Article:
Over the weekend our 6th-12th grade students were invited to attend a fall retreat at a near-by Lutheran Retreat Center. While at Camp Kinard, I invited our students to focus on unity, community, and visioning for the year. I pushed the youth who did attend to discern what kind of community we want to be this year (as a youth group) and to name and claim some of the things we will do over the school year. We also focused on our call to serve others and to be a united group, all the while “plugged in to God”.
We did many fun activities to promote bonding as a total student ministry and separately as middle and high school groups. Saturday, our two groups, individually, spent time on the ropes course. But, Friday night we all met together for a game of Fear Factor, some singing/dancing, and we picked a theme for our group to focus on for the year. The groups voted and decided to work with the Scripture from Matthew 4:19: Jesus said to them, "Come with me. I'll make a new kind of fisherman out of you (The Message).
On the way to camp Kinard I challenged the students to a “random acts of kindness” type of scavenger hunt. The had from the time we left Zion to the time we got to Camp Kinard to complete as many random acts of kindness as they could (up to 26) … one for every letter in the alphabet. The youth had to work in teams and be as creative as possible with this task. When we got to Camp Kinard, we talked about some of the things the youth had done. Some of the accomplishments included: holding the door for someone, offering to take someone’s tray to the trashcan, let someone go ahead of me in line, smiled at someone I didn’t know, picked up trash on the ground at the restaurant where we ate dinner. I explained to the youth that implementing random acts of kindness in our daily lives could, potentially, impact unity in the world. If we start with the small things, like smiling at someone, eventually giving, being good stewards, and kindness become second nature for us.
I began to think about this as I was driving to church this morning. Most mornings, I drive a very popular stretch of I-20 in Columbia (during rush hour) to get across town to my office. There is this stretch of about 4 or 5 miles getting in to Columbia that always backs up. There is not usually a wreck or anything, it’s just a matter of everyone on the outskirts of the city needing to get in to the city. The main problem I’ve noticed recently is that people tend to tailgate the car in front of them so that traffic from Clemson Road can’t easily merge on to I-20 and the congestion is further promoted. Usually I just try to stay in the left hand lane so that I don’t have to deal with the merging.
This morning, about a mile before Clemson Road, I could see the traffic backed up. I decided to make it my mission to stay in the right hand lane and commit some random acts of kindness. My plan was to let as some cars merge on to I-20 as I made my way through the intersection. I was proud of myself for remembering my challenge to the youth to change their norm in small ways in hopes of it becoming second nature. Just then, a song I love came on the radio. If you know me, you know that I LOVE to sing in the car! So, I started jamming and before I knew it I was in the middle of the intersection where merging was happening. I realized I was speeding up quickly and then tailgating the car in front of me so that the people margining couldn’t get on to I-20. That’s always been my driving habit. I figure if I let them in, it will make me later than I already am. Selfish! I know … I don't WANT to be this way, but without focus, I am.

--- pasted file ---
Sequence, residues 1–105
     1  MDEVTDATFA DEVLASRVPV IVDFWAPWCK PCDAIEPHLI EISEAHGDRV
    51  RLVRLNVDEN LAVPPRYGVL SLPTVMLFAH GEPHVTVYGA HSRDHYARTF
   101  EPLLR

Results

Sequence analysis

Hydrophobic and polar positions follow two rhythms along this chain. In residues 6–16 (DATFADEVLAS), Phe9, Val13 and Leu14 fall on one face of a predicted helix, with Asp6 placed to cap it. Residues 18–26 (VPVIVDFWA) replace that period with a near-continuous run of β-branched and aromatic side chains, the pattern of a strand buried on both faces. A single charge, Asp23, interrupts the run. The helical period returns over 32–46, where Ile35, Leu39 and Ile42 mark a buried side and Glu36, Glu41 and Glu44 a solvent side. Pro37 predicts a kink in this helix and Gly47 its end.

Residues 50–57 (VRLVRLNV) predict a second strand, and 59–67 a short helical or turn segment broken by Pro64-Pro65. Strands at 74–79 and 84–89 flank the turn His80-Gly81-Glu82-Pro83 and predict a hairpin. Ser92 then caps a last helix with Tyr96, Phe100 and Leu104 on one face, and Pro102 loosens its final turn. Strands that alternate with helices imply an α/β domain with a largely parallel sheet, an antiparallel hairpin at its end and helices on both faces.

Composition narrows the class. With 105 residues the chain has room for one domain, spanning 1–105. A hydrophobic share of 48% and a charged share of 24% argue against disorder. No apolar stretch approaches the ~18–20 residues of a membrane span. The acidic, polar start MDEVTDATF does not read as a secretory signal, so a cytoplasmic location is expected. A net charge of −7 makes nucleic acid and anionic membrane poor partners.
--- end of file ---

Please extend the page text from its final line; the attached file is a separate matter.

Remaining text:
This morning, I lost my focus and failed at my goal. So, I’ll try again tomorrow morning. As I drove the rest of the way to my office, I thought about what had happened. I had lost my focus, gotten distracted. Isn’t it so easy to do? Sometimes we don’t even realize we’re doing it. Isn’t this like life? Isn’t this like our devotion to God? Isn’t this like our giving to the church?
This morning in our stewardship Bible study, our group focused on Scripture from Matthew 6:21: “Where your treasure is, there your heart will be also.” We talked about the ability to make your heart feel something it won’t. We discerned that this is possible; but it requires a change of attitude, flat out pretending, or changes from within.
A perfect example - over the weekend, I was walking in downtown Columbia at dusk. As I passed by a homeless man in a wheel-chair, I smiled and said hello. The person behind me offered the drink in his hand to the homeless man. Honestly, it didn’t even dawn on me to offer the one I had in mine. I want to be more like the person behind me who didn’t just pass by someone in need but offered something simply.
The bottom line is that in life we have to decide what kind of person we want to be and then give our time, talents, treasures, attitudes, minds, everything we are and everything we have to it. It’s not simple; it’s certainly not one of those black and white areas of life. But, how differently unified the world would be if more people offered the “drink in their hands” or if more people taught their children to do the same.